detail - South Africa Office
This portlet should not exist anymore
The audience was inspired by the fascinating stories of guest speakers Ms Chaeli Mycroft, a disability rights activist, and Ms Jessica Dewhurst, a strong advocate of Human Rights and Social Justice.
In the face of the upcoming local government elections in August, the speakers were eager to highlight the right to vote, as some of the present students were allowed to vote for the first time in their lives. One member of the audience described the dilemma of evaluating a party based on its achievements in the past versus evaluating it on its current performance. This inner conflict, she argued, is not only plaguing her parents’ generation, but also hers. Ms Dewhurst replied that the rich and painful history of South Africa must indeed not be forgotten. However, she believes, it is crucial to question the concept of loyalty in the context of elections. Moreover, she emphasised that one’s voice is insofar important, as one speaks up for the alienated, the poor, and the frustrated whose voices have been taken away. Therefore, the excuse that “nothing will change anyway” is invalid, because the youth in particular is significantly affected by politicians’ decisions. Ms Mycroft agreed and contended that students forfeit any right to complain if they abstain from voting. She further urged the youth to not simply accept information provided by social media, but to critically assess them instead, since assumptions spread via social media were often false and unreliable. Her colleague continued to share her thoughts on leadership; it should not be seen as a position of power but as a privilege to serve and lead by example. Another student stressed the importance of education and events like the Youth Dialogue that help young people form an opinion. He maintained that people were easily persuaded by small, short-term benefits such as tokens from politicians. Yet, they should rather make long-term decisions based on the country as a whole. Only if people came to realise that the prosperity of society is more important than that of individuals, the young man claimed, progress would occur. A fellow student complained that people often ignore that the right to vote had to be fought for. She reminded the audience that there are still countries where free and fair elections are not a matter of course.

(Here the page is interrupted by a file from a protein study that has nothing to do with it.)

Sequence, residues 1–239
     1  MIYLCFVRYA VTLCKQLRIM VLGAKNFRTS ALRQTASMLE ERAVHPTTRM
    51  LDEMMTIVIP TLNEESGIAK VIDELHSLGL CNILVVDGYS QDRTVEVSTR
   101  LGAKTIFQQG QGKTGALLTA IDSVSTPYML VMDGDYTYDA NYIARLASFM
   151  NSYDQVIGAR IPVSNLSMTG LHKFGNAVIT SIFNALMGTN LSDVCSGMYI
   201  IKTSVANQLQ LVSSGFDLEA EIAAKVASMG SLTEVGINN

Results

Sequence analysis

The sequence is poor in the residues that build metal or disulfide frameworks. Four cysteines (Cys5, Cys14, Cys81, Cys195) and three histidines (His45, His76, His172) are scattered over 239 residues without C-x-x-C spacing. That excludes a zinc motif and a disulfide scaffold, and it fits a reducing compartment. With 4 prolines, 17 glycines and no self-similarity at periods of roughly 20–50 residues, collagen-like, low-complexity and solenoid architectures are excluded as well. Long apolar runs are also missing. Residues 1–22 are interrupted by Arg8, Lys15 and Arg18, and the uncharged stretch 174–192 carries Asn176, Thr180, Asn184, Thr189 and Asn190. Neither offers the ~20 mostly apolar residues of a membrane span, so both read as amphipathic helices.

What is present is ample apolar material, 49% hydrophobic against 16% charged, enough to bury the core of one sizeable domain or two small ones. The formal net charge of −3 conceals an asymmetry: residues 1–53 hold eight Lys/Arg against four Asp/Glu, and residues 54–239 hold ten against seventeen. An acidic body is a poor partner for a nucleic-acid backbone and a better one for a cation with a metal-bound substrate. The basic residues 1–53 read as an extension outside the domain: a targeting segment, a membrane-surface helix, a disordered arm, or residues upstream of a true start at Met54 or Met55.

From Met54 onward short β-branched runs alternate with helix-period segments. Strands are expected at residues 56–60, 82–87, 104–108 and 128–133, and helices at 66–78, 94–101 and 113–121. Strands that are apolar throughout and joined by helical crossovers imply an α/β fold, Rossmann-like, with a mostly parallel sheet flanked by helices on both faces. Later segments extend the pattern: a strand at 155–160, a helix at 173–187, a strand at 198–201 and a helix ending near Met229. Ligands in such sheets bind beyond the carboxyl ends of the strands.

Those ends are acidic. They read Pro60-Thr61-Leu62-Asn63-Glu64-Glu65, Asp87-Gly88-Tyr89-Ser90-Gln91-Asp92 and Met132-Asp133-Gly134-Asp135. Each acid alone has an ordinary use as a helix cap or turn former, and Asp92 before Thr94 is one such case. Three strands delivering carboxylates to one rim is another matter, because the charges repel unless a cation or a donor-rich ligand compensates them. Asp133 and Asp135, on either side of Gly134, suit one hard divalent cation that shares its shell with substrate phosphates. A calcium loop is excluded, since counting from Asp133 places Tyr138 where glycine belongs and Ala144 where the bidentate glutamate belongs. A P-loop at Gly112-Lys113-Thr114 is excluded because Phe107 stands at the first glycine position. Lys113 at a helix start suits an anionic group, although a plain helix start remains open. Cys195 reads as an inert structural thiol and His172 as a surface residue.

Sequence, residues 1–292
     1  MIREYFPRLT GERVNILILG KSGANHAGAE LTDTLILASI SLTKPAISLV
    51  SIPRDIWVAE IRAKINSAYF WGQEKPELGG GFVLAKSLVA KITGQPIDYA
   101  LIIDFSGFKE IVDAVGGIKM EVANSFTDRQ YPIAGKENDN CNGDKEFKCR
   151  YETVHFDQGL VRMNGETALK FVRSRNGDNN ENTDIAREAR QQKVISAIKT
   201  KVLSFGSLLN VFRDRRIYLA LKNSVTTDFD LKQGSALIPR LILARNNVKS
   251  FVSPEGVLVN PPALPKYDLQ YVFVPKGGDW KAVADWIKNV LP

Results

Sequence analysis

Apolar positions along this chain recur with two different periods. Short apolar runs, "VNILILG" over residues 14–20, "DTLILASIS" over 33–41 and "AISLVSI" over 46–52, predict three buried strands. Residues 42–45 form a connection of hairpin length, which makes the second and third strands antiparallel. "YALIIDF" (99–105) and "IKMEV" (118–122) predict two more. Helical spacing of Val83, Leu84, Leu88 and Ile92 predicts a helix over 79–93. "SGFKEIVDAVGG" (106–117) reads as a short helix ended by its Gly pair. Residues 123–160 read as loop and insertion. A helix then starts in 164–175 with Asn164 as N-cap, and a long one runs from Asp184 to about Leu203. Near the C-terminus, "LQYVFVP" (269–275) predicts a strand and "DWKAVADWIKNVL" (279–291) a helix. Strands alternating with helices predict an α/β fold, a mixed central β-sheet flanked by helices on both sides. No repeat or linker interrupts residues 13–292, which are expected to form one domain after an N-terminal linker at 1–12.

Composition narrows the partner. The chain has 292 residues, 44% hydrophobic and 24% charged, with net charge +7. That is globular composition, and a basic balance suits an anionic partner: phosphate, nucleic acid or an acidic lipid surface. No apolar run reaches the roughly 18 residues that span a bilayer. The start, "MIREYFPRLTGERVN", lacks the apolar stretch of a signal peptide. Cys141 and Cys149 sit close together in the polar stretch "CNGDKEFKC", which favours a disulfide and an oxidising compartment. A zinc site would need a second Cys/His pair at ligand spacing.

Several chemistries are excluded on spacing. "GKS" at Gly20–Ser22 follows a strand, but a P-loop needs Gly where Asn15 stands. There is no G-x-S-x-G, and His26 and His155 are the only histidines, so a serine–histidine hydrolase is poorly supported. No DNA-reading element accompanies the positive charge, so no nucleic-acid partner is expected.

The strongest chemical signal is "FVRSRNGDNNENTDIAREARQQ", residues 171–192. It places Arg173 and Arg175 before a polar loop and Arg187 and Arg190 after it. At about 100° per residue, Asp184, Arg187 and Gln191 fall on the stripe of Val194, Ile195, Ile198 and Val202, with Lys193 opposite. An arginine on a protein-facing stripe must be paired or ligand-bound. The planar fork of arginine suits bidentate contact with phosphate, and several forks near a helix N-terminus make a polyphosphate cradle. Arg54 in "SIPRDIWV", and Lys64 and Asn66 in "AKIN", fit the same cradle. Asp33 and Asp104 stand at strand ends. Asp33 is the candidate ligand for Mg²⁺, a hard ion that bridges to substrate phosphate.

"All you need is love"
Another central topic was, simply put, love. General consensus was that charity made it impossible to treat another person unfairly. Ms Dewhurst criticised that “we are so obsessed with finding differences that we are missing what we have in common.” She praised the importance of human rights, and asked the students to promote social justice, be it through campaigns or volunteerism. Only if the students exposed themselves to others, they would be able to comprehend their concerns and show more empathy. In this context, Ms Mycroft asserted that disabled people still live in a state of Apartheid, as they were not properly included in society, and countless establishments were, despite recent improvements, not accessible for handicapped people. Ms Rebecca Sibanda of the CFCR argued that the Constitution of South Africa was based on empathy, love, and respect for each other. She recommended the audience to actually read the Bill of Rights, since it “speaks to humanity.” Following this tenor, Ms Mycroft suggested that South Africa had enough of segregation and negativity, and should learn from the past to make history in the present. According to her, a new culture of love and acceptance is needed to overcome societal tensions.
The Youth Breakfast was a clear success and received very positive feedback from the learners. KAS project manager Christina Teichmann called attention to the fact that 30 per cent of the South African population are under the age of 15. If the young are politically active and make their voices heard, political elites will respond to their preferences. It is crucial to support this future generation and to make sure that it is equipped to make a valuable contribution to society. Events like this help young people understand the great merits of democracy in South Africa. Overall, the participants were confident that the future of this country looks bright.